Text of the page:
When you first get a diagnosis of autism for your child, it all seems overwhelming and surreal, even if you suspected something was wrong. What do you do next? In this blog post and next week’s blog post, I'll give you some first steps that will help you feel empowered to move forward.
Join a local support group. There are many places to turn to for information online, but you can still feel all alone. That is why it is important to find a local support group to connect with. When my son Jeremy was little, it wasn’t easy for me to go to my ﬁrst support group meeting, because it meant I was taking another step toward acknowledging that Jeremy had a disability and that it wasn’t just going to go away. It felt as if I was becoming a member of a club that I didn’t really want to join.
Having just moved to England, the only thing I had in common with the roomful of people was the label our children shared, but even so our children were so different from each other. But we helped one another. We shared resources, information, anger, tears, and advice. We gave each other energy and the courage to do what was needed. We shared stories about our children that were too embarrassing to tell anyone else, and we laughed at the absurdity of our situation. And most importantly, over time, the group developed resources that were nonexistent and that our families needed. We created change to the status quo.
Getting information and connecting with people online is great, but there is nothing like meeting people face to face and getting information about your local area that you will need to know. Seek out local organizations as well as chapters of the national organizations listed in my last blog post. Examples of active local organizations include the Special Needs Network in Los Angeles (especially for underserved families) and NFAR (National Foundation for Autism Research) and ATPF (Autism Tree Project Foundation) in San Diego. Your community probably has active local groups as well.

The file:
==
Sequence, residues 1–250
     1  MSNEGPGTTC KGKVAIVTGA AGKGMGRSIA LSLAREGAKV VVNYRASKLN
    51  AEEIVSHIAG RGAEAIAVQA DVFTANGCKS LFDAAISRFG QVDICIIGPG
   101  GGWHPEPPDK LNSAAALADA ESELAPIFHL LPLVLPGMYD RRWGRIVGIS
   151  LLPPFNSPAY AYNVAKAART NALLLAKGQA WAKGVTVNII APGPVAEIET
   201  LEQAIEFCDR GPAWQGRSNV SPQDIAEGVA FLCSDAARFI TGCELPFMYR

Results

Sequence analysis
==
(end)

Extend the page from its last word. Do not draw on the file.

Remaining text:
Learn about any services or funding for which you or your child may be eligible. If you are not already, you and your child will soon be consumers of the various wonderful systems that are there to help you. This gives you certain rights as well as responsibilities. You can read more about these in Autism Spectrum Disorder: The Complete Guide to Understanding Autism. Because each state has different ways of providing federally mandated early intervention and education, you will need to know how to access these services in your state. Your local parent support groups can provide you with the information you need to get started in your area.
Meeting other members can be a great way to get helpful information on local resources—you will learn about the different professionals and school districts in your area. Often these support groups have guest speakers including professionals in the area and you can ask them questions. Educate yourself by talking to other parents who have been there before.
Find out about any insurance coverage you may have. Many states now require insurance companies to provide coverage for autism related therapies and treatments. Autism Speaks has the latest updates on their website on this page. Again, reaching out to local support groups and other parents in your area can help you get a handle on different service providers and what insurance they take.
Next week, I’ll be listing some more first steps to take. With each step, you will feel stronger and more knowledgeable. Remember, you are not alone—other parents will be there for you.